It wasn’t too long ago that the job title of data scientist was invented. In the time since then, it’d be optimistic to say that we have a unified concept of what being a data scientist entails.
There are many valid questions worth asking if you want to arrive at an ontologically satisfying conclusion: What is data? What is science? Does data science become less scientific the deeper it falls into the corporate status quo?
A co-writer of mine at CirroLytix has put his stance forward concerning the nature of data science, but I won’t be weighing in on the same terms—not for now, anyway.
Instead, I’ll be looking into a practical question: In terms of job performance, what sets a good data scientist apart from a pretender?
Grab a notepad and a mirror, folks, because we’re about to get introspective.
You Fixate on the Practical
Elegant models and cutting edge AI deployment are well and good. The world needs people who go the extra mile to chase perfection and experiment with emerging technology.
The average business, however, doesn’t.
A data scientist worth hiring puts a premium on efficiency. They know better than to condescend when presented with the occasional redundancy, and they definitely value function over form.
This isn’t to say they’re lazy or prone to cutting corners. In fact, the hallmark of a good data scientist is their ability to generate and communicate clean and usable insights, not pretty charts.
Practicality can also be demonstrated by the tools you pick. Specifically, if you’ve ever been nitpicky or defensive about your tools, odds are they aren’t as qualified as you claim to be. Like any professional worth the name, a data scientist worth hiring would stick to tools which they’ve mastered, and which prove comfortable for them as well as the clients they’re servicing.
The closer you look to an arrogant nerd with a chip on your shoulder, the farther you are from being an asset to a project or company.
You Never Stop Learning
There’s a lot to qualify here. Learning isn’t a cut-and-dried matter of having a monthly reading list, or a quota for MOOC certifications. Those things matter, but they aren’t all that matters.
The kind of learning you should be after is a healthy mix of theoretical and practical (with a moderate inclination towards the latter).
Staying familiar with theory keeps you sharp, and grounds you in the logic underpinning your algorithms, models, and programs. Jobs get repetitive, and this is especially true for jobs you’re good at; beat the call of complacency by paying mind to the innovators at work.
Conversely, theory is at its best when it’s paired with positive action. There are many so-called data scientists who find their self-assurance in what they think they can do, and neglect to prove that they can actually accomplish anything. If you’re a data scientist looking to prove your value in the corporate world, your best shot is to keep yourself busy with hands-on projects.
You Do the Dirty Work
Data scientist is a sexy job title, but a good chunk of that work is far from glamorous. Before anyone can save millions by following your brilliant suggestion, odds are you’d have to make sure all your sexy data is in order.
Data is a lot more marriage than sex: before you can have all the good bits, you need to put in the work (read: the sometimes difficult, bang-your-head-on-the-wall kind of work). That includes deduplicating entries, turning numbers to string, separating first names from last names, doing fuzzy matches, and a bunch of other unsexy things.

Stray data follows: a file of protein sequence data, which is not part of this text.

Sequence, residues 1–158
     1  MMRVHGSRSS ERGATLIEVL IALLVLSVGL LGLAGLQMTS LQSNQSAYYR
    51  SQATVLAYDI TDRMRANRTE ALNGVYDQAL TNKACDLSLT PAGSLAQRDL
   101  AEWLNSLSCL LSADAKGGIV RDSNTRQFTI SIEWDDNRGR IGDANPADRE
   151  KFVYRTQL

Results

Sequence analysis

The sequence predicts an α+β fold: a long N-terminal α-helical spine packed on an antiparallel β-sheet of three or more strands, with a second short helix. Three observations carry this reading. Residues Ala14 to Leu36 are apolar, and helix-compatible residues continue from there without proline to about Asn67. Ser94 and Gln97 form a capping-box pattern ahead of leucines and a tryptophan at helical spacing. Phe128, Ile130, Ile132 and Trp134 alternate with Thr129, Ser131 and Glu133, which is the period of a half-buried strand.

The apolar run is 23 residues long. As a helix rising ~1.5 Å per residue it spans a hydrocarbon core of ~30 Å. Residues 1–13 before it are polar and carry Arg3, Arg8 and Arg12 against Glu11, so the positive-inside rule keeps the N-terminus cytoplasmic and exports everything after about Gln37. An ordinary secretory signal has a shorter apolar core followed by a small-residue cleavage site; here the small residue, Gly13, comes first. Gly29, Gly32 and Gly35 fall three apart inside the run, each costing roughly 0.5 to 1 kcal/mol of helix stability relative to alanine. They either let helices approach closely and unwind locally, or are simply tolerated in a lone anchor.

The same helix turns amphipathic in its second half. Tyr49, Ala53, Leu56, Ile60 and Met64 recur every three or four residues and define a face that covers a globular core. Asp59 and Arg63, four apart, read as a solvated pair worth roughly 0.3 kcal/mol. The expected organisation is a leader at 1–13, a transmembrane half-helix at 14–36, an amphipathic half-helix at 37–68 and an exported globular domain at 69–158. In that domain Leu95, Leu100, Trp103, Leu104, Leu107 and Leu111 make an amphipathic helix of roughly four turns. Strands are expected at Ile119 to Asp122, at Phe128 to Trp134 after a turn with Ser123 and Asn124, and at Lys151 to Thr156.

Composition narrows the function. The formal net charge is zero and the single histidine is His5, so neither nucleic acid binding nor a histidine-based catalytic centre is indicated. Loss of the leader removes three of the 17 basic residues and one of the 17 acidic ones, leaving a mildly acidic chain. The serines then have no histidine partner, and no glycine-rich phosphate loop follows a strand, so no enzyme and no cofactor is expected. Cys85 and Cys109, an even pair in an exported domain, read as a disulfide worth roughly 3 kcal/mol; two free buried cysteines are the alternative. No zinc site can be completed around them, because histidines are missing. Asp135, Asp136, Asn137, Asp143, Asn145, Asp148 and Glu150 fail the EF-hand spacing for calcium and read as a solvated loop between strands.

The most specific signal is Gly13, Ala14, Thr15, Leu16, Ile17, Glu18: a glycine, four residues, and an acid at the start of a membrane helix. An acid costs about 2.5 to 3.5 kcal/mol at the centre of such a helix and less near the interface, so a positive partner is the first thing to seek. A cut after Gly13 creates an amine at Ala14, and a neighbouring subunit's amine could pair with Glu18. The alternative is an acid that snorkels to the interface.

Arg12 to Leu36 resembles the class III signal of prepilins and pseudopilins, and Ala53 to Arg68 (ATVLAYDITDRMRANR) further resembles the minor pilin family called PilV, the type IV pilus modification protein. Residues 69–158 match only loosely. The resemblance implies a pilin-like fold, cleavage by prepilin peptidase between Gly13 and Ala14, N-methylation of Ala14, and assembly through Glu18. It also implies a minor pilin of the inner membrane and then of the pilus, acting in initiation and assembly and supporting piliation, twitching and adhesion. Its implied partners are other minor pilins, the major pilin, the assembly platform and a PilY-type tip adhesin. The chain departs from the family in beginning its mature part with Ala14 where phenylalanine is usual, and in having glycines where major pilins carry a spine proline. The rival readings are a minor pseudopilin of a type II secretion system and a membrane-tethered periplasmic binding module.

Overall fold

It’s a long winding road from data to insight. The question is, are you willing to stick it out for better or for worse?
Remember, being a data scientist doesn’t exempt you from being a data janitor.
You aren’t Obsessed with the Title
If you’ve lived in the Philippines for an extended period of time, then you know that people get defensive about their titles. There’s no force in the universe that could absolve you for calling the wrong person mister instead of attorney.
As a rule of thumb, the kinds of people who obsess over titles are likely to tend to their ego before tending to their clients. It’s a distinct form of arrogance that stunts growth. After all, what mediocre fool would have the gall to suggest that a bona fide data scientist do better?
A good data scientist doesn’t need the title to do good work with data science. They need the tools for the job, and they need the drive to see a project thrive. They know full well that leaving a trail of happy clients in their wake says more than a title ever could.
It bears mentioning that there are whole discussions we’ve glossed over in the course of this article. There might be One Best Programming Language out there, and a seamless model is still a thing of beauty in the end.
However, the growing hype behind data science means that anyone who calls themselves an expert is inherently responsible for their clients’ outcomes. Whether we like it or not, data professionals are shaping the image of an entire industry in its relatively early days.
As such, a good, long look in the mirror can save you a lot of folded contracts and burnt bridges. There are habits and routines that every professional is at risk of developing over the course of a career, so don’t kick yourself if you fall short of Employee of the Month material.
Stay practical, learn as much as you can, and for God’s sake, take a page from Kendrick.